A similar movement evolved in Europe but unlike the American movement the majority were centralized toxicology treatment centers with integrated poison information centers. The French developed an inpatient unit for the treatment of poisoned patients in the late 1950s. In England the National Poison Information Service was developed at Guy's Hospital under Dr Roy Goulding.[4] At around the same time Dr Henry Mathew started a poison treatment center in Edinburgh.[7] In 1964 the European Association for Poison Control Centers was formed at Tours, France.[4] Australasian centers were also estabilshed in the 1960s.

Today

USA

The American Association of Poison Control Centers manages the 24-hour hotline, which is continuously staffed by pharmacists, physicians, nurses, and poison information specialists who have received dedicated training in the field of toxicology. It has a TTY/TDD number for the hearing impaired. Poison educators across the country also offer poison prevention training and education sessions to community institutions, along with educational materials. The national phone number is 1-800-222-1222, which routes calls to a local facility.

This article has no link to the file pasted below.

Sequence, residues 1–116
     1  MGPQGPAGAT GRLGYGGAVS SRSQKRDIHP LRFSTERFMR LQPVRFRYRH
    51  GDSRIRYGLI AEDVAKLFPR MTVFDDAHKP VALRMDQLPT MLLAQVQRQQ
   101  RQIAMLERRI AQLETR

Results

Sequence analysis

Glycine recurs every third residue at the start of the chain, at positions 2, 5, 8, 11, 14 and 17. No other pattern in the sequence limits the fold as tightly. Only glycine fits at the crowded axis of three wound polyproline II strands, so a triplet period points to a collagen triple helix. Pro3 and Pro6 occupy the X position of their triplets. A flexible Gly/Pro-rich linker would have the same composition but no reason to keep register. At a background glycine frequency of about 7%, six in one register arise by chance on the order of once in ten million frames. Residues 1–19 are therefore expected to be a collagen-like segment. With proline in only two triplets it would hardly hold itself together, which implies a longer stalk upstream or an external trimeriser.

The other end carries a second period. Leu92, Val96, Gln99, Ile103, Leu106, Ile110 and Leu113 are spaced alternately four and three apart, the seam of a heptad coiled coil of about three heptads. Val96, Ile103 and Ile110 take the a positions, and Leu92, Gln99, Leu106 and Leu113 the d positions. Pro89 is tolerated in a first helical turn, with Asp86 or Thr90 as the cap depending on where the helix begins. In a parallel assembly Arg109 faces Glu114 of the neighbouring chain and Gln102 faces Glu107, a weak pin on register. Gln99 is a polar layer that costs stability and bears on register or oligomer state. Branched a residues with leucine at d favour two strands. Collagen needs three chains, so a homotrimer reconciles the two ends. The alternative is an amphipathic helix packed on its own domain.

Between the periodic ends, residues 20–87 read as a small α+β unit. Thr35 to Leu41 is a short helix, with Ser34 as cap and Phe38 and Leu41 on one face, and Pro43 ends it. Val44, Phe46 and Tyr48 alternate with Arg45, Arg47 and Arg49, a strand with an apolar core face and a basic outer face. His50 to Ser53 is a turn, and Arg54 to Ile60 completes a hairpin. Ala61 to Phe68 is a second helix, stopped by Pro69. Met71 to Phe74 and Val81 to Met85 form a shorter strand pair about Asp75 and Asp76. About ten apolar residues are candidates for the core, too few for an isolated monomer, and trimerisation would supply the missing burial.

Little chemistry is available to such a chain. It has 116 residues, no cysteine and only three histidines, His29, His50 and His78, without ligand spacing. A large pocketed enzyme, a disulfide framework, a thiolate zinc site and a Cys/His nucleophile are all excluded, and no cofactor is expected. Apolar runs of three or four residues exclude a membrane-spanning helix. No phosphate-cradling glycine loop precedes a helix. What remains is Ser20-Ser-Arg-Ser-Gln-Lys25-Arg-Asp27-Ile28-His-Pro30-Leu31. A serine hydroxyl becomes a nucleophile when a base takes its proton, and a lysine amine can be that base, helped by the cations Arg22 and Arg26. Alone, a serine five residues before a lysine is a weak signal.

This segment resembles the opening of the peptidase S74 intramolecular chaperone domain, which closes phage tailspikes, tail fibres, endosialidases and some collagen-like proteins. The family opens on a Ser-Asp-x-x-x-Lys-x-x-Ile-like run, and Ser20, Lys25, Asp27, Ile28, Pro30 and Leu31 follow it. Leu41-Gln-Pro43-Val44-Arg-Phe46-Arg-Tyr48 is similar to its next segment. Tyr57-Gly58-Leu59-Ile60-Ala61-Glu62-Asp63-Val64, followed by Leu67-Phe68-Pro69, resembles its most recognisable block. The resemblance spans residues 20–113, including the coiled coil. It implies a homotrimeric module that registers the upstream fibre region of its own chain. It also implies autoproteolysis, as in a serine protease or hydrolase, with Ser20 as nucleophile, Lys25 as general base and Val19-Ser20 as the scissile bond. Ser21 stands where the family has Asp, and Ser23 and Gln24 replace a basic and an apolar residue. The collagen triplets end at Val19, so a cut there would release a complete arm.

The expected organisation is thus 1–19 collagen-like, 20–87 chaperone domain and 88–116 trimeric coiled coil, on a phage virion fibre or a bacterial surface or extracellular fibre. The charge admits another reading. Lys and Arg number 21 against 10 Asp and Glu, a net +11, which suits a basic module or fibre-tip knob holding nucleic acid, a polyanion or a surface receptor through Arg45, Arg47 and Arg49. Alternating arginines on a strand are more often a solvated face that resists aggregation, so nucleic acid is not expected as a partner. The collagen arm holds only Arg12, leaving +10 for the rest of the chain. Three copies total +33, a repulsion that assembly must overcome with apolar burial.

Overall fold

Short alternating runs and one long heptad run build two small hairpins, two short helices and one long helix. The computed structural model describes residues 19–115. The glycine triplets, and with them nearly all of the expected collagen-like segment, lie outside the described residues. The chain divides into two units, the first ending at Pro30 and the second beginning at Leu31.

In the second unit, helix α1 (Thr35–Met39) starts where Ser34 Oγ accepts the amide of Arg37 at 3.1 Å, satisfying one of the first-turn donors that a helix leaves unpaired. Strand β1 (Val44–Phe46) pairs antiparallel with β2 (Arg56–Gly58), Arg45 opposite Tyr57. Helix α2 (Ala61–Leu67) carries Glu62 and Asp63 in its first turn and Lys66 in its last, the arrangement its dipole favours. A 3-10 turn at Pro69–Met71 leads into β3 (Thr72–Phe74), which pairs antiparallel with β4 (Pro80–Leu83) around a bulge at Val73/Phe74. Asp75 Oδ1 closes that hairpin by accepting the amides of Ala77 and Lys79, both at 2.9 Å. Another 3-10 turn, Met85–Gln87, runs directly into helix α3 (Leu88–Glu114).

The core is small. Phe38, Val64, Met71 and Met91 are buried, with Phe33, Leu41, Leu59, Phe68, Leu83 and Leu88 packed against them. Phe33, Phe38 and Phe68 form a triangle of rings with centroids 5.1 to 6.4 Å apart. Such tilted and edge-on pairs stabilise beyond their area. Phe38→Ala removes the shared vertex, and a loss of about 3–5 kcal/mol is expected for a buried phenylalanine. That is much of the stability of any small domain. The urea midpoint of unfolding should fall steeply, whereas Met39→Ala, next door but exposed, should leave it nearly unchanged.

Rest of the world

Most countries have a poison control center with staffing similar to the American centers. A worldwide directory of poison centers is available from the World Health Organization's website

Local Poison Control Centers

Animal Poison Control Center

Alabama Poison Center

Alaska Poison Control System

Arizona Poison and Drug Information Center

Banner Health Poison Center

Blue Ridge Poison Center

California Poison Control System

Carolinas Poison Center

Central New York Poison Center

Central Ohio Poison Center

Central Texas Poison Center

Children's Hospital of Michigan Poison Control Center

Children's Hospital of Wisconsin Poison Control Center

Cincinnati Drug and Poison Information Center

Connecticut Poison Control Center

DeVos Children's Hospital Regional Poison Center

Finger Lakes Regional Poison Center

Florida Poison Information Center - Jacksonville

Florida Poison Information Center - Miami

Florida Poison Information Center - Tampa

Georgia Poison Center

Hennepin Regional Poison Center

Hudson Valley Poison Education Center

Illinois Poison Center

Indiana Poison Center

Iowa Statewide Poison Control Center

Kentucky Regional Poison Center

Louisiana Drug and Poison Information Center

Long Island Regional Poison and Drug Information Center